Review: Youth

Fred Ballinger (Michael Caine), a famous composer, retires at a spa hotel in Alps, with his friend film director Mick Boyle (Harvey Kaitel), Hollywood actor (Paul Dano), Fred’s daughter Lena (Rachel Weisz), the reigning Miss Universe (Madalina Diana Ghena) and an array of other celebrities and rich. And… not much happens. The setting is beautiful and so is the music, also Jane Fonda makes a great cameo.

Director: Paolo Sorrentino
Exhibition: 2D
Rating: 15
Run Time: 121 mins


Youth is Paolo Sorrentino’s second English language film and this occasionally shows. The dialogue at places is clunky and characters spur into passionate monologues with little encouragement. However, the story is quite simple and beautiful, even if not novel. Youth is about brevity of life and fear of death, and each character in someway struggles with these topics.

Fred Ballinger excludes himself from the rest of the world. We meet him as he declined to perform his famous Simple Songs at Prince’s Philip’s birthday celebration for ‘personal reasons’. His long time friend film maker Mick Byle is in the middle of writing a movie that would define his career. However, the future of the film rests entirely on whether Brenda Morel (Jane Fonda) will accept a role of a leading lady. Paul Dano, a Hollywood actor, studies the crowd of rich lounging around the spa, trying to figure out what roles he would like to play. He thinks himself quite clever and perceptive, until his prejudices are pointed out by Miss Universe.


Lena, Fred’s daughter, was probably the source of the most action in the movie, but her plotline kept getting side-tracked by other less interesting ones. Rachel Weisz is really good as estranged and slightly self-absorbed daughter, whose husband (also Mick’s son) leaves her for a singer Paloma Faith (playing herself) because ‘she’s better in bed’. Resolution of Lena’s plot was quite disappointing to me, however, as she quite literally jumped into the arms of the first man that introduced himself to her after the breakup. And while her relationship with Fred, her father, developed well throughout the movie, it seemed like something was missing from her arc, nonetheless.


In fact, I felt similarly about quite a few storylines in Youth. The whole movie felt like a puzzle piece trying to come together from sometimes very different pieces. The storylines of the main characters are splashed together with picturesque views of nature around the hotel, with montages of naked bodies steaming in the sauna followed by music and entertainment performances that are staged for the hotel visitors. Sometimes there are pieces that feel completely out of a different box. For example, a dream sequence that Lena has about her ex-husband and his lover. Others are hit and miss. I was really touched by a story of a Diego Maradona-lookalike. Overweight and with breathing issues, he kicks around tennis (!) ball with excellent precision, trying to re-assemble the glory of his youth, until he falls down from exhaustion. While the couple that doesn’t speak to each other, yet then has a very loud sex in the woods, was only as entertaining as Fred’s and Mick’s silly bet on whether they would talk to each other one day.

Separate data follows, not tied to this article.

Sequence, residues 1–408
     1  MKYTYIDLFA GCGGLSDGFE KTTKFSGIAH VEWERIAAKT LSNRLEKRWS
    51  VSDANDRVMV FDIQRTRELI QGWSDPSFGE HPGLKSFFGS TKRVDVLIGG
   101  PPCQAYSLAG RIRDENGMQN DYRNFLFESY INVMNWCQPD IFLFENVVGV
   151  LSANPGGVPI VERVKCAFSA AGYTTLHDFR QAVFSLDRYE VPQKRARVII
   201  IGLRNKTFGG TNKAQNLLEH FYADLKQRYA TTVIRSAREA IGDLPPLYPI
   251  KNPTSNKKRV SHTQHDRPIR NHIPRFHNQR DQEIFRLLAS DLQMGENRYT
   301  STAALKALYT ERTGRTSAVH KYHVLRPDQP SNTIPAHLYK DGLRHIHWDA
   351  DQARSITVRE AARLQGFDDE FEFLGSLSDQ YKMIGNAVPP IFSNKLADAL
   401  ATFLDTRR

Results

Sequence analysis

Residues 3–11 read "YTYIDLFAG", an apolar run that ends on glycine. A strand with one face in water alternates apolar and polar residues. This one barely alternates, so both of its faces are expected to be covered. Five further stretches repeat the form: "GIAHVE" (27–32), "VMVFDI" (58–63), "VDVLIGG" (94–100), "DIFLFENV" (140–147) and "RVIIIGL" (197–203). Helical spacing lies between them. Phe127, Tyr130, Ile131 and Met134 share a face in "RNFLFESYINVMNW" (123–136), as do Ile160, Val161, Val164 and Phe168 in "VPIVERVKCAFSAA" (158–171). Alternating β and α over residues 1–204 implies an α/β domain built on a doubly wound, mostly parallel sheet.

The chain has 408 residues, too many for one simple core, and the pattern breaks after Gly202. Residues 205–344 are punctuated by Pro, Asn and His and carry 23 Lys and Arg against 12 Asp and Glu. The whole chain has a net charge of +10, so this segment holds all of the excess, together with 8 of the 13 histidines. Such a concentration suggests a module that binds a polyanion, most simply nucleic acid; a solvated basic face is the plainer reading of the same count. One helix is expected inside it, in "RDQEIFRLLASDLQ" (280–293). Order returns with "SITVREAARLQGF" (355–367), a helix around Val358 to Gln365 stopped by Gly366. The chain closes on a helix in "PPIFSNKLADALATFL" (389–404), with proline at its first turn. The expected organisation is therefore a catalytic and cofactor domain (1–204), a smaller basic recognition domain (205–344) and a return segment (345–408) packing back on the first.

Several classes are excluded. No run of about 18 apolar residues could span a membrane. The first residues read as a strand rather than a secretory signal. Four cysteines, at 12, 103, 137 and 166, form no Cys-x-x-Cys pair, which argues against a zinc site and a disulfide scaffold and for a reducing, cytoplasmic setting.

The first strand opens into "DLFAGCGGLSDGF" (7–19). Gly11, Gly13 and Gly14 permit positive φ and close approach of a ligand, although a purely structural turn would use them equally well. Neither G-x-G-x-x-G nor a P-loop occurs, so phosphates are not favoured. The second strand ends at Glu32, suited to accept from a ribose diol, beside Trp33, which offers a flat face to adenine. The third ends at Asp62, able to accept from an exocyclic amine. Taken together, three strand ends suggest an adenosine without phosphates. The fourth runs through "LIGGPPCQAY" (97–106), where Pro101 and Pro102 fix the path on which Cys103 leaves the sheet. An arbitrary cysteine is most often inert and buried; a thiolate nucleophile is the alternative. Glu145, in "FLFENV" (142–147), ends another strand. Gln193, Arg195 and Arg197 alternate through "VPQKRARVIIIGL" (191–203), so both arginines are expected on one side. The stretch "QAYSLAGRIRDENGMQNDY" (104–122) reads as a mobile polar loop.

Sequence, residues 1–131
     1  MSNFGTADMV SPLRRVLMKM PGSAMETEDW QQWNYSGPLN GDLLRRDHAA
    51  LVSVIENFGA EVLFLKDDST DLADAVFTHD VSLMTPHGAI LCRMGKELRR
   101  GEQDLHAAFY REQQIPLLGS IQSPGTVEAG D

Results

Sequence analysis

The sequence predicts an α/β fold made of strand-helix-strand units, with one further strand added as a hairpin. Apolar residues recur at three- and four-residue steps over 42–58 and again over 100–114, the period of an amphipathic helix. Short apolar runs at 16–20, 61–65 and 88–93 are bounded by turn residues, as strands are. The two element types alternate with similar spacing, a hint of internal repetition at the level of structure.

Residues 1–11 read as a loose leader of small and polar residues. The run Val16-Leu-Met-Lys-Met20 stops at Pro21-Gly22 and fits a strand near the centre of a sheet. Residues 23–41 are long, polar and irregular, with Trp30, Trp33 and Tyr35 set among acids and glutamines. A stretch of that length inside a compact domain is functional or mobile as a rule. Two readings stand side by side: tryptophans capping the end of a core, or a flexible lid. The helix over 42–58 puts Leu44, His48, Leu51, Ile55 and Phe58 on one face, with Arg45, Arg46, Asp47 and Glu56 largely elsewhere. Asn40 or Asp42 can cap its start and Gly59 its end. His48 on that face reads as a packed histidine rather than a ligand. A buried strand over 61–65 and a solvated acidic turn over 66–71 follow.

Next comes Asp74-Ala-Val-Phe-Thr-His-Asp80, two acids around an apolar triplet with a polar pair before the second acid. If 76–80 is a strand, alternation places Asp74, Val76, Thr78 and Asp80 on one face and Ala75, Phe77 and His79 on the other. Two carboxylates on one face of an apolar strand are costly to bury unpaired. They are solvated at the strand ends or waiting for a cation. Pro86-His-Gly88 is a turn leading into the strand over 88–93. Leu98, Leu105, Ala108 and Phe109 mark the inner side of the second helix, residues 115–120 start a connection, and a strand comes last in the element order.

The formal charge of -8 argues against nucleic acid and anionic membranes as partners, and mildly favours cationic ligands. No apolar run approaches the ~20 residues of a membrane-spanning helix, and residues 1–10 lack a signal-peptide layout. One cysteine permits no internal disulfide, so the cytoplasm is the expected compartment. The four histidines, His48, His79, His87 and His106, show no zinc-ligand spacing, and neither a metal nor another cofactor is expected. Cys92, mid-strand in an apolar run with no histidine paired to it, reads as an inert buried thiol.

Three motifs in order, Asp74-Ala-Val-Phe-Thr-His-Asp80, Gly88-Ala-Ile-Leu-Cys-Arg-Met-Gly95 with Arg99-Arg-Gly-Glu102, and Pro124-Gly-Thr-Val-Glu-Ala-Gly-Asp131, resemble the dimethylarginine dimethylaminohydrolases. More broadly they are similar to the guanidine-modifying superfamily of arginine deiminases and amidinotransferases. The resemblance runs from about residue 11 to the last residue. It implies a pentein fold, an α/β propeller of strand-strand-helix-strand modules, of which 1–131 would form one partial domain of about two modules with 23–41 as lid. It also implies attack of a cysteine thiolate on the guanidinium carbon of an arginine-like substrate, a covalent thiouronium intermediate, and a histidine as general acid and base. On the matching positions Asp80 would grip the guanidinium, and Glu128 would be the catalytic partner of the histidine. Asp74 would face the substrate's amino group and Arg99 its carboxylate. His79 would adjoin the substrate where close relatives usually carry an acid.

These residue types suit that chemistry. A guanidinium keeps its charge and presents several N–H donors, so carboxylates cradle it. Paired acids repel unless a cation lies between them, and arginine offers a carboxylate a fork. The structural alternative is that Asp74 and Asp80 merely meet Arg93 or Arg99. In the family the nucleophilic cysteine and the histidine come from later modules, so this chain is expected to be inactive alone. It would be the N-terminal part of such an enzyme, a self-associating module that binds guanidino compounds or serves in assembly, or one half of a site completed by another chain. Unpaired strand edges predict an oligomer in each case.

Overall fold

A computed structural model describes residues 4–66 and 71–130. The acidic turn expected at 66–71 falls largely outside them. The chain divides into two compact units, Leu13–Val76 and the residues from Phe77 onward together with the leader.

The movie is gorgeous, although sometimes, and quite deliberately so, it contrast with less pleasant scenes, following through on the themes of youth and death. Beautiful landscape is interrupted with scenes on naked bodies in the steam room, crouched from the heat, shot of an elderly naked man after he had sex with prostitute with idyllic field with cows and then a shot of naked Madalina Diana Ghena lounging in hot tub (and almost giving Fred and Mick a heart attack).

With actors of Michael Caine and Rachel Weisz calibre it is almost a given that performances will be at least good, and indeed it was so. Although, I thought that Michael Caine was a little bit flat, I could still watch his performance for days and not get tired of it. Jane Fonda, however, was an absolute scene stealer for all one and a half scenes that she was present in the movie. Her appearance is also one of the most story impactful ones in Youth.


What I have enjoyed about the movie the most, and have not seen many other reviewers mentions, was the music. The songs are splashed through out Youth like little breather brakes, and each one of them is enjoyable on its own merits. The music of Mark Kozelek, Sun Kil Moon, The Retrosettes Sister Band and more are featured. The crown jewel of the movies is, of course, Simple Song #3, composed by David Lang which we finally get to hear as the movie closes. The song conveys the relationship between Fred and his wife, and thus has a lot of emotional weight to handle and it does so successfully. For me, hearing it finally being performed, was the most touching part of Youth.

Jane Fonda cameo is amazing
Gorgeous music, especially Simple Song # 3
Some storylines are undercooked
Monologues/dialogues can be clunky
Paloma Faith scene feels like it’s out of a different movie

Youth was a very enjoyable experience. It is not without its fault, where characters and story are concerned, but it also has many merits that made me happy that I have seen it. Also, I will be definitely buying the soundtrack.

Untitled Communications provided a review copy of Youth
Official Movie Site

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